It "Ate" My Tape!


Jul 25, 2001


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The Bottom Line Stop tapes from being "eaten" by cleaning. Dealing with eaten tapes. Improve quality by demagnetizing heads.

How many times has your tape player "eaten" a tape? Here's an important fact that the manufacturers tend not to tell you. Tape players need to be cleaned! This is true for all tape players, from audio cassettes to VCR's to digital backup systems. The parts that contact the tape collect oxide from the tape surface over time. This leads to reduced sound quality and even damaged tapes.

If you look inside your player, you'll notice a little, black, rubber pinch roller. This functions to keep the tape moving at a constant speed across the heads. Without it, the tape would move too fast at an unregulated speed. This rubber tends to collect a lot of gunk, and, after a lot of use, the tape will start to stick to it. This is why tape players eat tapes.

VCR's and digital devices have rotating heads and complicated tape-handling mechanisms, and are not really made for getting into to clean. To clean one of these manually, you will have to open the case. Therefore, it is best to try a cleaning tape first. If your VCR still eats tapes after running the cleaning tape through it a couple of times, you may want to open it up to clean the pinch roller manually, or bring it to a repair shop and have them do it.

A cleaning tape is a fabric-like tape that you put a few drops of special cleaning solution into. You run the tape through the device, and it cleans all of the surfaces that contact the tape. Unfortunately, these usually don't really do a good job at cleaning the pinch rollers.

For analog devices, such as audio cassette players, you will get the best results by skipping the cleaning tapes and cleaning them manually.

How to Clean. You will need some rubbing alcohol (a solution of around 75% is good), and some cotton swabs. You can get special cleaner and swabs from stores such as Radio Shack for this, but usually plain rubbing alcohol and a couple of Q-Tips will do the trick.

Wet a swab with alcohol, and rub it over all parts that contact the tape. This includes the head surfaces, any guides, and the little spindle that the rubber pinch roller rests against. Now press the play button to get the pinch roller to engage and spin (make sure the player has power). Carefully hold the swab against the rubber surface to clean off all of the grime as the roller spins. Sometimes some cotton will get caught and tangled around the spindle. Don't worry - just pull it off and try again. This is the dirtiest and most important part to clean. You may need to use a few swabs on it until no more dirt comes off. Once this is done, you can turn off the player and let it dry for a few minutes. Rubbing alcohol will dry rather quickly.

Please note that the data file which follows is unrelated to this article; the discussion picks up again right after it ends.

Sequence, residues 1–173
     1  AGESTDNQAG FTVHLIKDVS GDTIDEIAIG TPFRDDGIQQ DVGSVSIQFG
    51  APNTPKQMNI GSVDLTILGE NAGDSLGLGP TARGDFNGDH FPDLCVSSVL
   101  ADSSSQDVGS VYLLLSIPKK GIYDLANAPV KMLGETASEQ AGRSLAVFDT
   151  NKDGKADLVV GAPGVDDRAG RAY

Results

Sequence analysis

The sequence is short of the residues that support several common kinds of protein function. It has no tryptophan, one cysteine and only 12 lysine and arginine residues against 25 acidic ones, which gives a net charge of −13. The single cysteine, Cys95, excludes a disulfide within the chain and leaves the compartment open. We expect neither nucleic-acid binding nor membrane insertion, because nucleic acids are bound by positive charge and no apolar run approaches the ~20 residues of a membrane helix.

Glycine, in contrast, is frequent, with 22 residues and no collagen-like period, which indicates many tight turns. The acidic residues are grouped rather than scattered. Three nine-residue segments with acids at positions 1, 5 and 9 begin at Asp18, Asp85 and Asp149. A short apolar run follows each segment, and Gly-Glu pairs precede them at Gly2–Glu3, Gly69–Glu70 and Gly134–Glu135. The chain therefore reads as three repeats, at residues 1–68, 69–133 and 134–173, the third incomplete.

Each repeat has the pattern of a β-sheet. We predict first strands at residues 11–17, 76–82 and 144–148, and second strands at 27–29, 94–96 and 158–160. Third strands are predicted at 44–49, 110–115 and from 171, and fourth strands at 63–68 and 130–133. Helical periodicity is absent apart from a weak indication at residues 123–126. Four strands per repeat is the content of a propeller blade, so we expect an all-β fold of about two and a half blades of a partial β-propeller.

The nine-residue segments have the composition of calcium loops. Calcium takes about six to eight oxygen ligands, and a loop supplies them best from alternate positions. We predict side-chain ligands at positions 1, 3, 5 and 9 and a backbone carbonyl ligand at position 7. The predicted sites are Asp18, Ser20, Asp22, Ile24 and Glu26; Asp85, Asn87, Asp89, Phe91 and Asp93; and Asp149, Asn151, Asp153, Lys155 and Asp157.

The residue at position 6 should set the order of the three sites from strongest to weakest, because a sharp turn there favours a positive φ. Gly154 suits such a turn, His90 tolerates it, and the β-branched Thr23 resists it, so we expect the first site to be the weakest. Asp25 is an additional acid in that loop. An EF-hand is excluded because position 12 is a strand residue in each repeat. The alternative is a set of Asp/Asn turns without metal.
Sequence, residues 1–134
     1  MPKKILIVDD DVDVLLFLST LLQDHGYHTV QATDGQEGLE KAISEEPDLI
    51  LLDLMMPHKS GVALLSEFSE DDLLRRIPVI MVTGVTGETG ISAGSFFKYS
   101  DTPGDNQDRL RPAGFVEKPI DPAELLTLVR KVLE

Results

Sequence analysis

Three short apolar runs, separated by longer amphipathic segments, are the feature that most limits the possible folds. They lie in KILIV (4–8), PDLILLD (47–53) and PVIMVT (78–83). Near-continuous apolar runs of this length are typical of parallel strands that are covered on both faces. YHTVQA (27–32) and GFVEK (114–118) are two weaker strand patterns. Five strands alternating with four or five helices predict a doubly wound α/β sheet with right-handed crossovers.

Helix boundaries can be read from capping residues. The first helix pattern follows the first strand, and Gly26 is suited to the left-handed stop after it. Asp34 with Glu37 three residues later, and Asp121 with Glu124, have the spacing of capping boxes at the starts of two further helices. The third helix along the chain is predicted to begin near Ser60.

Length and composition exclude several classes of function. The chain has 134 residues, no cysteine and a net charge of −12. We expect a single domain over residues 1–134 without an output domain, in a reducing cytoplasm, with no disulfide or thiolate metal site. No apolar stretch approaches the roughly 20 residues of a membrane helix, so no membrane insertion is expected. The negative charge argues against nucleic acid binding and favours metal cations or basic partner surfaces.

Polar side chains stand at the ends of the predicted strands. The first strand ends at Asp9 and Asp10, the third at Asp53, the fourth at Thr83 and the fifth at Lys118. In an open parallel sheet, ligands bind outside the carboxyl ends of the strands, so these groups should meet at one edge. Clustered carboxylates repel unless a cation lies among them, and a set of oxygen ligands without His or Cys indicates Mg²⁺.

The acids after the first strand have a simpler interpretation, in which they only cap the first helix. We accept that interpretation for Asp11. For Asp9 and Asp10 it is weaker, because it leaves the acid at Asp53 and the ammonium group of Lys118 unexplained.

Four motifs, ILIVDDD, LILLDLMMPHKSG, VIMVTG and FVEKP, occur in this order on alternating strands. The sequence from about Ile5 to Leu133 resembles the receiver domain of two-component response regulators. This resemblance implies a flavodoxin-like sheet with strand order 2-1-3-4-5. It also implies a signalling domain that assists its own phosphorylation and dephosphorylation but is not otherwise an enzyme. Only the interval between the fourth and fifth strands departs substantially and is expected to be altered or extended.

Note on VCRs and digital tape devices: If you decide to open one of these up to clean it manually, only use specialized cleaner on the rotating heads. These heads are much more sensitive to debris than analog audio devices, and the quality of the signal will be badly degraded by the small amount of impurities in rubbing alcohol. Also, make sure to remove the power before opening it up, to avoid electric shock from exposed components.

When to clean. This depends on how often you use the device. Waiting until you notice reduced sound quality, or slight stutters that may indicate that the tape is starting to stick, is just asking for a tape to get eaten. You should clean it before this starts to happen. Under average use, cleaning every few months should be good. If you use the device constantly, then every month should cover it.

Dealing with eaten tapes. It's going to happen. A tape is going to be eaten someday. It's inevitable. When it happens, very carefully extract the tape from the player. Try not to stretch it or break it. You may even need to open up the case in particularly bad situations. Never stick anything but your fingers into the player to help get the tape out, as you may do damage to the player.

Once you have the tape out, carefully wind it back into the cassette, making sure that the tape doesn't twist. I know, it's quite mangled, but don't worry about this, just get the tape to go back in as normally as possible. For VHS video cassettes, there is a little hole about the size of a pencil between the two spindles on the bottom. Gently press the eraser end of a pencil into this hole, then you will be able to freely wind the tape (with your second and third hand - you may need help.)

The problem with eaten tapes is that they always suffer some wrinkling after you get them rewound. This causes sound loss on audio tapes and snow in video tapes. These wrinkles will smooth out a little every time the tape is played. There's not much else you can do. At least the tape survived. If you find that there is a completely "blank" section in the tape, check to make sure that it didn't get twisted, so the player is not attempting to play the backside of a section of tape.

Another effect that degrades the signal quality is magnetized heads. These devices are using magnetic tape, and the heads tend to acquire a magnetic field over time. This suppresses the signal coming from the tape. Audio cassettes can sound quiet and muddy. When this happens, you need to demagnetize the heads. You can purchase special demagnetizers just for this purpose. These come in tape or wand form. The tapes usually contain batteries for their demagnetizing circuit, while the wands plug in to the wall socket. Make sure to follow the instructions to the letter, as you don't want to make the problem worse. After the heads are properly demagnetized, you will be astounded by the difference in quality once you pop a tape in.

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